Dasein and Der Fuhrer (update over fold)

by John Q on January 7, 2023

Back in the Paleolithic days of blogging, I got interested in the relationship between philosophical thought and political action, particularly in the cases of Hayek and Heidegger and their support for Pinochet and Hitler respectively. I think the evidence is in on Hayek (see here and here), so I won’t discuss it further.

In Heidegger’s case, there’s been plenty more evidence on Heidegger’s personal conduct, cumulatively quite damning. But the claim that he was one of the greatest of 20th philosophers remains widely accepted. This seems to imply (via an easy application of modus ponens), that his support for Hitler was not a consequence of his central philosophical ideas. The typical version of this claim attributes Heidegger’s embrace of Nazism to some combination of opportunism and a romantic (in a bad way) German nationalism (now known to include anti-Semitism) that can be separated from his main body of thought.

But in any discussion of Heidegger’s philosophy I’ve seen, his concept of Dasein plays a central role. So, what did he have to say about Dasein and Hitler? According to the Wikipedia article on Heidegger and Nazism[1], this:

The German people has been summoned by the Führer to vote; the Führer, however, is asking nothing from the people; rather, he is giving the people the possibility of making, directly, the highest free decision of all: whether it – the entire people – wants its own existence (Dasein), or whether it does not want it. […] On November 12, the German people as a whole will choose its future, and this future is bound to the Führer. […] There are not separate foreign and domestic policies. There is only one will to the full existence (Dasein) of the State. The Führer has awakened this will in the entire people and has welded it into a single resolve (italics in original).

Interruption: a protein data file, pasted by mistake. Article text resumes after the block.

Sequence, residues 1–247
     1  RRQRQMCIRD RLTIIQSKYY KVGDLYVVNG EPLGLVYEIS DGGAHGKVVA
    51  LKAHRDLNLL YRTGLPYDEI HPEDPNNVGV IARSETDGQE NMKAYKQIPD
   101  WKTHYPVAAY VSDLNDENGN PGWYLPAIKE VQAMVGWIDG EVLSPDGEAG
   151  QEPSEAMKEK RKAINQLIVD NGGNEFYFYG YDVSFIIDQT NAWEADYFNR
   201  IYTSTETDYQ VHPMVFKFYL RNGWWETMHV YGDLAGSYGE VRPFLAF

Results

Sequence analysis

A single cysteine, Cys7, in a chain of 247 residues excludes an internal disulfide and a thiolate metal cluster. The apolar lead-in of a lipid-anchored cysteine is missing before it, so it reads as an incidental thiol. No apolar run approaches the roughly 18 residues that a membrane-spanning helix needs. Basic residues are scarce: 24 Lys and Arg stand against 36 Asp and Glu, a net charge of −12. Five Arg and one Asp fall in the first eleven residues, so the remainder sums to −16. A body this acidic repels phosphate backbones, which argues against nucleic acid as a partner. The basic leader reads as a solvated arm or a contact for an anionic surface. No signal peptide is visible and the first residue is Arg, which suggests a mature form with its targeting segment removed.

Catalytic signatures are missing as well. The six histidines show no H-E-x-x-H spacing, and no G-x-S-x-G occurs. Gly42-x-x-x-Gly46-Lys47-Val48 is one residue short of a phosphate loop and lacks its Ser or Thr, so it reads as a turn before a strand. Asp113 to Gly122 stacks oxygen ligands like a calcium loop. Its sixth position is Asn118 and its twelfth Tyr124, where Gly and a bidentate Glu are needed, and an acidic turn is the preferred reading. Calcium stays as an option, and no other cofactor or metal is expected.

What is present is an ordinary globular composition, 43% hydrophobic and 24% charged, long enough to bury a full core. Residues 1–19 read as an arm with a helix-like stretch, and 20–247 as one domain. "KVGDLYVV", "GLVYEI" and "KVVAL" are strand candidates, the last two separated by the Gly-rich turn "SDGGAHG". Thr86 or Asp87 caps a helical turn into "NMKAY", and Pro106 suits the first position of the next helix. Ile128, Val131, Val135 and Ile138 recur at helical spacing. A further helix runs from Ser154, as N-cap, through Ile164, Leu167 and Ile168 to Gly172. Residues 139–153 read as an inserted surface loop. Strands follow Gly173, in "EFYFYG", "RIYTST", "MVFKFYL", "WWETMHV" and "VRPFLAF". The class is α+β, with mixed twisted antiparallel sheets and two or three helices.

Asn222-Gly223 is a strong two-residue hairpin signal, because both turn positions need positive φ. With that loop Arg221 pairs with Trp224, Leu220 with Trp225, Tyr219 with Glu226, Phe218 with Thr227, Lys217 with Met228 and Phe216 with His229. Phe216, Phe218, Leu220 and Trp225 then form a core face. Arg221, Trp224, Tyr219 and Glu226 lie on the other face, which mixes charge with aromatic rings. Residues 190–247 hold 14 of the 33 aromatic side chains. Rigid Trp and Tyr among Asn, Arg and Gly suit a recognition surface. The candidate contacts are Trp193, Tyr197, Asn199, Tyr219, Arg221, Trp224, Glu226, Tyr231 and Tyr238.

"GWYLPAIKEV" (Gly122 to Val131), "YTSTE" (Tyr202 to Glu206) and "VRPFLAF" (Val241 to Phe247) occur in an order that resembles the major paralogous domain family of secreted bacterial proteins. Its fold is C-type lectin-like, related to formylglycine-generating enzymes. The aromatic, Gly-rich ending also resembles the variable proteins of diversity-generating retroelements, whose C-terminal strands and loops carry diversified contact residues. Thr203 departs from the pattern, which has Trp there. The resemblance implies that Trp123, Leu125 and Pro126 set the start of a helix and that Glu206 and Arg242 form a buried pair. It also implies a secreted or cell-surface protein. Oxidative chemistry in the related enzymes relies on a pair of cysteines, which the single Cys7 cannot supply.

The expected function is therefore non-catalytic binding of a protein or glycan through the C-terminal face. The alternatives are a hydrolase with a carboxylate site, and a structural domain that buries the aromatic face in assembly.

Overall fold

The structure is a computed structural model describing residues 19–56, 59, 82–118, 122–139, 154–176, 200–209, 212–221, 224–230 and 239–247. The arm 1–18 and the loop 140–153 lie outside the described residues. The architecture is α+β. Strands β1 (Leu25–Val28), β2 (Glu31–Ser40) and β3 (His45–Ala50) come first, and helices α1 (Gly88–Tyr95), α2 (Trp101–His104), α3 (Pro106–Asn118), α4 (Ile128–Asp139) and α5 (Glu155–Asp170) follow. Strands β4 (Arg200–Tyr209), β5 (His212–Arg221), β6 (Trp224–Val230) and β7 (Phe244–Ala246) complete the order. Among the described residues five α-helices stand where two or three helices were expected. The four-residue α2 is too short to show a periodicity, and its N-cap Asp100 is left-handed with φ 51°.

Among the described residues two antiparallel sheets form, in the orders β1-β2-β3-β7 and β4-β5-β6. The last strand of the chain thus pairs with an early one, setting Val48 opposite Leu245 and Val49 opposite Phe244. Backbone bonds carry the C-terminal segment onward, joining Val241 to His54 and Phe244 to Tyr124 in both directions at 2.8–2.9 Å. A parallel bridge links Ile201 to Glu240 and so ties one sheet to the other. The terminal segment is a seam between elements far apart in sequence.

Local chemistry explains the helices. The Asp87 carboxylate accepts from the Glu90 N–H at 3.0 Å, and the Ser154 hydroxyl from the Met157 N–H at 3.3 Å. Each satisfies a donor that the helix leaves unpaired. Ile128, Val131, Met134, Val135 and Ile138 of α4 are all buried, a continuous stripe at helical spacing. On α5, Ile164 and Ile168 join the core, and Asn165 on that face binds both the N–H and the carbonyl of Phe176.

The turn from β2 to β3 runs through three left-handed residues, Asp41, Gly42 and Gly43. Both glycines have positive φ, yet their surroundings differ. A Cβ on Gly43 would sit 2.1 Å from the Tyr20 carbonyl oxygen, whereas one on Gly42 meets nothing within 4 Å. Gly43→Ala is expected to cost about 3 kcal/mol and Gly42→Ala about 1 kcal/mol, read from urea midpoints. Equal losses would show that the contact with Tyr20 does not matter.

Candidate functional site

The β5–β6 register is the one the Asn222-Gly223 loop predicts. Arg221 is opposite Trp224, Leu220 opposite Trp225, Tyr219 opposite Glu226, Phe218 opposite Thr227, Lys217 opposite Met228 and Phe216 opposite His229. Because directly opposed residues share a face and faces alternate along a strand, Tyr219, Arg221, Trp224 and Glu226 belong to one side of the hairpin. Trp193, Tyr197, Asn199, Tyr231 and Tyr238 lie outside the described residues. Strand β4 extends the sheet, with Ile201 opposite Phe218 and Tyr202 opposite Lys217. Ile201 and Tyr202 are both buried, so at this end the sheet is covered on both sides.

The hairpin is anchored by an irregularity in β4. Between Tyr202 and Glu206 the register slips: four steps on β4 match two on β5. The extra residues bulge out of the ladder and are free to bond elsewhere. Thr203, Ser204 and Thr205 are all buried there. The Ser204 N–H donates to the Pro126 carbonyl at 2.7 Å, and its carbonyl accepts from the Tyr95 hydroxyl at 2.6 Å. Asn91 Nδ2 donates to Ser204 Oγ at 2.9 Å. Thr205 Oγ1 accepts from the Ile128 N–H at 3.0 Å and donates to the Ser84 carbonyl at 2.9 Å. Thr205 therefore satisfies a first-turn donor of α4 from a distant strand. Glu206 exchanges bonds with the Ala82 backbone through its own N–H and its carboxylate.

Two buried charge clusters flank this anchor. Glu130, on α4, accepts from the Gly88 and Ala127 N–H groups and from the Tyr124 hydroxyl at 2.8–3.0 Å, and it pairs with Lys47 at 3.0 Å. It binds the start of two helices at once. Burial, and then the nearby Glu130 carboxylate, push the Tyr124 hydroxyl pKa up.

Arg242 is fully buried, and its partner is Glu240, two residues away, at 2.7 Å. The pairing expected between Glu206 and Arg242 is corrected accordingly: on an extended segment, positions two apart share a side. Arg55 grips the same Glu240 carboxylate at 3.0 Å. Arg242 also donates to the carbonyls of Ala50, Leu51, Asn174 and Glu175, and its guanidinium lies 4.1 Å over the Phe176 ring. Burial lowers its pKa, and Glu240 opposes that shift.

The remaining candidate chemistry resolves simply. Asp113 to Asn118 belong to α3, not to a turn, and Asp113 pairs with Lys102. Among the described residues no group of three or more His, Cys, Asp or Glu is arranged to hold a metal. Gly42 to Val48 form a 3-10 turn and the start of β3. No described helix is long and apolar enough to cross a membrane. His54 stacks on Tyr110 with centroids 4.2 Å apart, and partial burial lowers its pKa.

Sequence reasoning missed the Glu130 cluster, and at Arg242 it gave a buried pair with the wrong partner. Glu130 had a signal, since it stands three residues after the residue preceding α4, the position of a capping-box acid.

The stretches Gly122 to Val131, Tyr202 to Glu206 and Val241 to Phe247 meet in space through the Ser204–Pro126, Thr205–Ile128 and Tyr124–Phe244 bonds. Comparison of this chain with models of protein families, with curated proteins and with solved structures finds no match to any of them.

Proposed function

The speech isn’t obscure, and this passage is often quoted in relation to Heidegger’s Nazism, but I haven’t been able to find any discussion of his invocation of Hitler as the embodiment of Dasein. And, while I’m no expert, nothing I’ve seen in discussions of the concept of Dasein suggests to me that Heidegger is misinterpreting or misrepresenting his own ideas here.

Has anyone done the work of drawing distinctions between this piece of totalitarian propaganda and works like Being and Time? If so, is it possible to sketch the argument ?

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